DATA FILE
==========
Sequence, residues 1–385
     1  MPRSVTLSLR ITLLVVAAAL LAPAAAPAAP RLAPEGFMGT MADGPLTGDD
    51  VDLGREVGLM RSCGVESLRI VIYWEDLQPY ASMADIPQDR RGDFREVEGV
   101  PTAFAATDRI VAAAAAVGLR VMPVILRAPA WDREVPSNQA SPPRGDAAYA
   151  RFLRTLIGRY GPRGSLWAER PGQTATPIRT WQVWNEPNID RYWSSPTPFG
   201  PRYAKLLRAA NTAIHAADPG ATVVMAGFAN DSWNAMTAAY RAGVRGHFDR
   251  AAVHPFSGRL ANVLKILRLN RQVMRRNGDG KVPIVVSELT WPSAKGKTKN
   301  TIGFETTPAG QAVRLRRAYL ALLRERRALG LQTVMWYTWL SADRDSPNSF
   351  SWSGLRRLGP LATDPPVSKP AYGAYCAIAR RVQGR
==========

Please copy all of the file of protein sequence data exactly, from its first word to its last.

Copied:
Sequence, residues 1–385
     1  MPRSVTLSLR ITLLVVAAAL LAPAAAPAAP RLAPEGFMGT MADGPLTGDD
    51  VDLGREVGLM RSCGVESLRI VIYWEDLQPY ASMADIPQDR RGDFREVEGV
   101  PTAFAATDRI VAAAAAVGLR VMPVILRAPA WDREVPSNQA SPPRGDAAYA
   151  RFLRTLIGRY GPRGSLWAER PGQTATPIRT WQVWNEPNID RYWSSPTPFG
   201  PRYAKLLRAA NTAIHAADPG ATVVMAGFAN DSWNAMTAAY RAGVRGHFDR
   251  AAVHPFSGRL ANVLKILRLN RQVMRRNGDG KVPIVVSELT WPSAKGKTKN
   301  TIGFETTPAG QAVRLRRAYL ALLRERRALG LQTVMWYTWL SADRDSPNSF
   351  SWSGLRRLGP LATDPPVSKP AYGAYCAIAR RVQGR